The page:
I’ve been thinking about guest blogging a lot lately. Not a day goes by when I don’t receive emails asking about guest blogging opportunities at the Freelance Writing Jobs network. As you know, I don’t actively solicit guest bloggers for FWJ anymore because I feel it’s akin to soliciting free work. Instead, I look for paid contributors.
To be honest, I always hesitate before accepting a guest blogging proposal because I don’t want to be accused of taking advantage. I’m a little gun shy because I was called out as looking for free content on two separate occasions in the past, once during guest blogging month and once when we had a writing contest. The backlash against these events made me think twice about accepting guest blog posts.
I’m not against guest blogging opportunities…as long as they’re really opportunities
When I began paying guest bloggers and contributors, many people in the freelance writing community took it to mean I was against guest blogging and didn’t recognize it to be a terrific marketing opportunity. That’s not true at all. I guest blog on my own and I occasionally post guest submissions here.
To me there’s a difference:
Actively seeking free content for your blog in the name of exposure = smarmy.
Offering to guest blog in exchange for visibility=marketing.
If I made an announcement on Twitter about looking for guest bloggers for FWJ, I’d get dozens of takers. If I posted a similar ad on Craigslist looking for free writers, I’d get an angry response. Where we look for writers and how we word our requests make a big difference.
Why are you offering a guest post?
A couple of months ago I explored guest blogging in a post entitled, Guest Blog Posts: Good P.R. or Free Content? In that post, I didn’t suggest writers NOT write guest blog posts, but rather, they consider each opportunity. For example:
- Who are you blogging for?
- How will this help your career?
- Are you responding to a call for free writers?
- Will you truly gain something of value from the experience?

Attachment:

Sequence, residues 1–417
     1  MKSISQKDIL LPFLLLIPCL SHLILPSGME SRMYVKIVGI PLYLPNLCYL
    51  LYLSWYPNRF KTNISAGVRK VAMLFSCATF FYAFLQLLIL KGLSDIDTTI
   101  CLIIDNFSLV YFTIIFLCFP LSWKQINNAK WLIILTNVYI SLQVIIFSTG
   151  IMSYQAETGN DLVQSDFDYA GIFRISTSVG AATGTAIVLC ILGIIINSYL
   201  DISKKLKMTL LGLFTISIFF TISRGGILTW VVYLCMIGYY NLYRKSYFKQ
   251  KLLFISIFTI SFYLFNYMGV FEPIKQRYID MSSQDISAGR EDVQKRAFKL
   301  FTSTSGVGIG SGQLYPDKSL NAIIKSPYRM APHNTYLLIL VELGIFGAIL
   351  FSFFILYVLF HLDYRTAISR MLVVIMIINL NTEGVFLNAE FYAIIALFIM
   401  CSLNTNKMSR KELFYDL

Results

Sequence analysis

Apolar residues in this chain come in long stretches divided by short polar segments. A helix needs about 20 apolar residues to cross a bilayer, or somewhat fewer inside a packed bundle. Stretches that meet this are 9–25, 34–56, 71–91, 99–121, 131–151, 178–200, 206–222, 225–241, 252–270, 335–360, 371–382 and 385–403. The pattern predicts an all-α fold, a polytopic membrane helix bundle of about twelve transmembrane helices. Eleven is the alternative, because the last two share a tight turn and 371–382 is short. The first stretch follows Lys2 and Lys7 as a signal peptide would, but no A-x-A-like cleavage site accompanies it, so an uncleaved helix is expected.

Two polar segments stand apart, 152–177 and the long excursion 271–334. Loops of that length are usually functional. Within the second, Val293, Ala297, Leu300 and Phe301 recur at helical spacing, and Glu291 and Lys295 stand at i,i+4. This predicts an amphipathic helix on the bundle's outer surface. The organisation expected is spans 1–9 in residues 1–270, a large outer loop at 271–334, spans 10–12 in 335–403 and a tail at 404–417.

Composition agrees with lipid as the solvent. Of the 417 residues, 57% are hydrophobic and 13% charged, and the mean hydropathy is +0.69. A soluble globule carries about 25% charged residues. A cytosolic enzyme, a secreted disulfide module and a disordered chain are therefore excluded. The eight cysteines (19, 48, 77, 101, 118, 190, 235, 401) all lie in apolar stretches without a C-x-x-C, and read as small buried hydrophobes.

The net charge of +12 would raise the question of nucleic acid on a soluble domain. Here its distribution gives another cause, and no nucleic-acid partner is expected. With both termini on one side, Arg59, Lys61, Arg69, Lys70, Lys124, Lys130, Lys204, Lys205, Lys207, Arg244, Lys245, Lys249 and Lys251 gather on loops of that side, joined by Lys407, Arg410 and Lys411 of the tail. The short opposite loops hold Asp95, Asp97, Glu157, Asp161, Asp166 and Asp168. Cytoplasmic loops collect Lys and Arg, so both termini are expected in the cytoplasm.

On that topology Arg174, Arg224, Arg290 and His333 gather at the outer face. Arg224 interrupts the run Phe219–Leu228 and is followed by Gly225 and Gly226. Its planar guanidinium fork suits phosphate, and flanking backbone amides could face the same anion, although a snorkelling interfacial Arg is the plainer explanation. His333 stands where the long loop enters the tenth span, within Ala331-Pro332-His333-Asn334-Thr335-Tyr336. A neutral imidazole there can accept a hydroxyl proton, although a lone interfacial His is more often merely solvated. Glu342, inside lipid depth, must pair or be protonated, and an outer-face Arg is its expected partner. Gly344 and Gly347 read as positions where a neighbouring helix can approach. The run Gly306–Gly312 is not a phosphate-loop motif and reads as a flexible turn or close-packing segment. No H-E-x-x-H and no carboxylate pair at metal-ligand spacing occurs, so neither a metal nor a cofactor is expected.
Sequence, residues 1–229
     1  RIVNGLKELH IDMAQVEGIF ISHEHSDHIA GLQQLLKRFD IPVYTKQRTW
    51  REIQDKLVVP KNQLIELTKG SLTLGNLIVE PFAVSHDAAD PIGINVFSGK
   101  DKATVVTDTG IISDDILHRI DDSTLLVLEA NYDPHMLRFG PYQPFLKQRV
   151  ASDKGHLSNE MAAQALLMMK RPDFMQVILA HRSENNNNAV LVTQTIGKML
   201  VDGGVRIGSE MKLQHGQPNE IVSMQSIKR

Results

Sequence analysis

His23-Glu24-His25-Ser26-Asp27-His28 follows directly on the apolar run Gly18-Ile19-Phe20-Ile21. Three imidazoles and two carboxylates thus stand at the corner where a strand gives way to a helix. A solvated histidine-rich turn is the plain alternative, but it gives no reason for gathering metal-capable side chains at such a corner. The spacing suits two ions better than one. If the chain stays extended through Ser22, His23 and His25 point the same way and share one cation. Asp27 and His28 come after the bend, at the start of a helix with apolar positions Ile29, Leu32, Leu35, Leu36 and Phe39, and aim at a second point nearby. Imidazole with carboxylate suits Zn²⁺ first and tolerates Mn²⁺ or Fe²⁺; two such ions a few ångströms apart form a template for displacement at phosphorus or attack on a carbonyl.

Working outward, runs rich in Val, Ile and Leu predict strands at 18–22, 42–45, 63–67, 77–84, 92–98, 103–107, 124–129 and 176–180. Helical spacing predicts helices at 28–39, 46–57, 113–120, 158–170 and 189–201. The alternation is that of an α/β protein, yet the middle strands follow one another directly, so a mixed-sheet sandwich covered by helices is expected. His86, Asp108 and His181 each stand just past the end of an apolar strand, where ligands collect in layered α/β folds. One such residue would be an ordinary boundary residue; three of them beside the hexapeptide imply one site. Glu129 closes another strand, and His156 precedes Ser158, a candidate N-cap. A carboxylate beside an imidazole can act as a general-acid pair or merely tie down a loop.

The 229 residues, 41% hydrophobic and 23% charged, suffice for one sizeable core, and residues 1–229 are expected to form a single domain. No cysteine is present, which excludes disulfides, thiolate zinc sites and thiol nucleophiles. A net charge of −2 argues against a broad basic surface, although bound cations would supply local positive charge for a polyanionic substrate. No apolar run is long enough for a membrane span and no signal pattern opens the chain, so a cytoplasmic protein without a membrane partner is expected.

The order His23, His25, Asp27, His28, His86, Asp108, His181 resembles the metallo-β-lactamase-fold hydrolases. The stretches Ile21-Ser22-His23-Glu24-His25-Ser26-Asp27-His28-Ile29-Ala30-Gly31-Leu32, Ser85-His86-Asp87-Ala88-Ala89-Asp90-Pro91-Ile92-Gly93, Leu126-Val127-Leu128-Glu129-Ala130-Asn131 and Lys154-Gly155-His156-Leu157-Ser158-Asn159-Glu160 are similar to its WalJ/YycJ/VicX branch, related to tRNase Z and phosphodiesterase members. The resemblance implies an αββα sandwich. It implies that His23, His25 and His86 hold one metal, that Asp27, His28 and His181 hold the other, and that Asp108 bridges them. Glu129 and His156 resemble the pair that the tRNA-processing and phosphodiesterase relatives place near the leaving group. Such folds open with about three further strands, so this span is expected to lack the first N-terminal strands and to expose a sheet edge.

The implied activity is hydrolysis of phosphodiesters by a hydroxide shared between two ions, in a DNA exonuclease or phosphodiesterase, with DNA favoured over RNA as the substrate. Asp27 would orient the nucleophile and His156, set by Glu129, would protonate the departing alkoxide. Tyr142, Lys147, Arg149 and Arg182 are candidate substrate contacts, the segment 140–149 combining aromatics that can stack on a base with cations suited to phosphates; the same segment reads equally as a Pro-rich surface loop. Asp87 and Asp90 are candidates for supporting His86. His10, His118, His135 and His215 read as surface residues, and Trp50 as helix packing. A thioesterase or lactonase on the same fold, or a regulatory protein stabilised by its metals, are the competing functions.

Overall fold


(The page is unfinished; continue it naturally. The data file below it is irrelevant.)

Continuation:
What’s in it for you?
In another post about guest blogging I confessed to being confused by the mixed signals I get from the freelance writing community. On one hand, people who advertise for free writers are considered to be taking advantage. Yet, we actively encourage writers to get their free writing on because it’s good marketing. Can we have it both ways?
When is it a good idea to write for free, and when are writers to proceed with caution?
My suggestion is to ask what’s in it for you. When I do a guest post, I do it for several reasons:
- The other blogger is my friend.
- I’m trading services with another writer or blogger.
- For exposure on a high profile blog.
I turn down guest blogging opportunities when:
- The owner of the blog is only trolling for free content, not a guest blogging discussion from another blogger.
- I don’t agree with the blog’s message.
- I don’t know the blogger and it’s a brand new blog with no traffic.
As I struggle with whether or not I should open FWJ up to guest blogging opportunities and whether or not I’m a hypocrite for guest blogging on my own, I’d like to revisit this discussion.
Is guest blogging vs. writing for free a matter of semantics? Is writing for free good marketing, and if so, why are we so upset whenever anyone looks for free writing on Craigslist? Why are we pissed off when a content studio wants to pay $20 to a bunch of writers when we’re advocating free work in the name of exposure or marketing?
I’m very interested in your thoughts.